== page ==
The U.S. Supreme Court told California it must reduce its prison population by about 40,000 prisoners over the next two years. The majority's opinion-which swing-vote Justice Anthony Kennedy penned with support from Justices Ruth Bader Ginsburg, Sonia Sotomayor, Elena Kagan, and Stephen Breyer-said the state's prisons are so overcrowded they are "incompatible with the concept of human dignity." A lower court found that one prisoner in the system died for lack of medical care every six or seven days.
Conservative justices sharply dissented from the decision, saying the ruling didn't solve California's underlying problems and predicting disaster from such massive prisoner reentry. Justice Antonin Scalia wrote a dissent, which Justice Clarence Thomas joined, saying the decision was "perhaps the most radical injunction issued by a court in our nation's history." Justice Samuel Alito wrote a separate dissenting opinion, joined by Chief Justice John Roberts.
But faith-based and community organizations were already meeting with California corrections officials the morning the high court issued the decision. "California has no budget," said Prison Fellowship's Pat Nolan, and it will need the outside groups to coordinate reentry programs critical to implementing the court's order. "Here are all these faith-based and community groups who are saying, 'We'll do it,'" said Nolan, who served in the California legislature for 15 years, then spent over two years in prison after being convicted on a corruption charge, which sparked his desire to work on prison reform. Nolan blamed the California legislature's inaction for the court's intervention. - by Emily Belz
A trial in Chicago could provide important clues to the United States about the extent of Pakistan's official links to terrorists following the U.S. killing of Osama bin Laden. David Headley, the star witness in the trial of Tahawwur Rana, told a U.S. district court in late-May testimony that in all arrangements leading up to a 2008 terrorist attack in Mumbai, India, there was extensive coordination between Lashkar-e-Taiba and Pakistan's intelligence service, the ISI. Rana is a Pakistani-Canadian on trial in federal court for his role in the Mumbai attacks that killed 160 people, including six Americans. Headley, a drug dealer turned informant, has pleaded guilty to helping plan the 2008 massacre. The two are charged with conducting surveillance for it, as well as plotting other attacks.
On the witness stand Headley recalled at least 50 training sessions with the ISI and named ranking leaders of the organization as coordinating the attack with the al-Qaeda-linked terror group. His testimony prompted attorney James Krindler, who is representing U.S. victims of the Mumbai attack, to declare: "It's not just officers at the rank of Majors who are handling terrorists or sponsoring terror. ISI chief Lt. Gen. Ahmed Shuja Pasha and its former director-general Lt. Gen. (retired) Nadeem Taj should also come clean."
Stealth missile report
A detailed UN report reveals ongoing cooperation between Iran and North Korea on ballistic missile technology along with Chinese assistance to move materiel between the two countries. But it's unlikely the public will get a look at it: China as a permanent member of the UN Security Council is blocking its release. STRATFOR analyst Nathan Hughes said it doesn't take official word to know of the trilateral cooperation; the "simultaneous existence of near-identical medium-range ballistic missiles in each country's arsenal," he said, should tell us they're working together. Without publicizing the report, UN Security Council members, including the United States, are likely to get a look at its contents.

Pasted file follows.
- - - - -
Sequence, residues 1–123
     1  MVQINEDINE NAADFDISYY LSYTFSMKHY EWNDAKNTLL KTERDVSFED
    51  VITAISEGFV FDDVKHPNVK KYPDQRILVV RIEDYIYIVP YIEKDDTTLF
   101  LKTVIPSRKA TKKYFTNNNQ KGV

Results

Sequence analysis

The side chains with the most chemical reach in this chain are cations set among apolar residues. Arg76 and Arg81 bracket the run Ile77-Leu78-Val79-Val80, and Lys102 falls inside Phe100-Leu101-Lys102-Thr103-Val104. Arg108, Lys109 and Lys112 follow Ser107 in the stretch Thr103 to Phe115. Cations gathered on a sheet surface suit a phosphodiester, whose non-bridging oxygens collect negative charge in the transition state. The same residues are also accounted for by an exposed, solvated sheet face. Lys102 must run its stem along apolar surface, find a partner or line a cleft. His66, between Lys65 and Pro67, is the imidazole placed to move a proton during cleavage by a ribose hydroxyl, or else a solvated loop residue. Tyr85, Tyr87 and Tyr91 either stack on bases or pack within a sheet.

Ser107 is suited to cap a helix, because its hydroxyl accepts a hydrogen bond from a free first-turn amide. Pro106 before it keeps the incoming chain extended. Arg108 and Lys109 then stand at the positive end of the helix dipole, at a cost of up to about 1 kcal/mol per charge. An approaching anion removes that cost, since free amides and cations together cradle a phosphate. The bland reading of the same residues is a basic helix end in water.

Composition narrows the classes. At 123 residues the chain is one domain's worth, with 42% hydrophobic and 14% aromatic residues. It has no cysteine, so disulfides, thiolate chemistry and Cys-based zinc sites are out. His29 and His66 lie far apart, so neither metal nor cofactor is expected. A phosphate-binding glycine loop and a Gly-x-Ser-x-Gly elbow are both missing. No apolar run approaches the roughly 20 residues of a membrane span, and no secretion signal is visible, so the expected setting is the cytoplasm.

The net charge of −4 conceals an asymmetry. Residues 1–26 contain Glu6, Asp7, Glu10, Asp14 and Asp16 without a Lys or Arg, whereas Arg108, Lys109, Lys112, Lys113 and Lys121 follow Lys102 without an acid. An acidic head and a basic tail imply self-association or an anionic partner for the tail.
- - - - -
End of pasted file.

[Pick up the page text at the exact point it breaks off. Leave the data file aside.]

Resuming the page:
Anthony Weiner, the Democratic congressman from New York, is known as one of Capitol Hill's most combative lawmakers. Now a bizarre incident involving his Twitter account and a lewd picture has placed Weiner's often-fiery temperament on full display. The indecent image, sent from Weiner's Twitter account to a 21-year-old college student in Seattle, dominated talk in Washington after Memorial Day. Weiner, 46, insists the photo was a prank, but he could not say "with certitude" that the image wasn't of him. Weiner's office said his Twitter account has been hacked.
But, oddly, Weiner has not asked law enforcement officials to investigate, even though officials say it would be fairly easy to determine the picture's origins. In a strange and testy on-camera exchange with reporters on May 31, Weiner likened the incident to someone throwing a pie to distract a speaker and he called one reporter an obscene name. "I am not going to allow this thing to dominate what I am talking about," Weiner insisted. But questions remained.
The last college football game ended nearly five months ago, but the scandals that plagued the sport all season continue. Jim Tressel, a Christian who has long been up-front about his faith, became the latest casualty on May 30 when he resigned as head coach of the powerhouse Ohio State Buckeyes. Just two months ago Ohio State officials slapped Tressel's wrist with a two-game suspension and a fine for withholding information concerning six players who had received improper benefits from an Ohio tattoo shop. The university then upped Tressel's ban to five games in the face of widespread criticism, but the school stood behind its man despite evidence that Tressel had lied to the NCAA. "I'm just hopeful the coach doesn't fire me," said Ohio State president E. Gordon Gee, laughing off initial calls for Tressel's firing.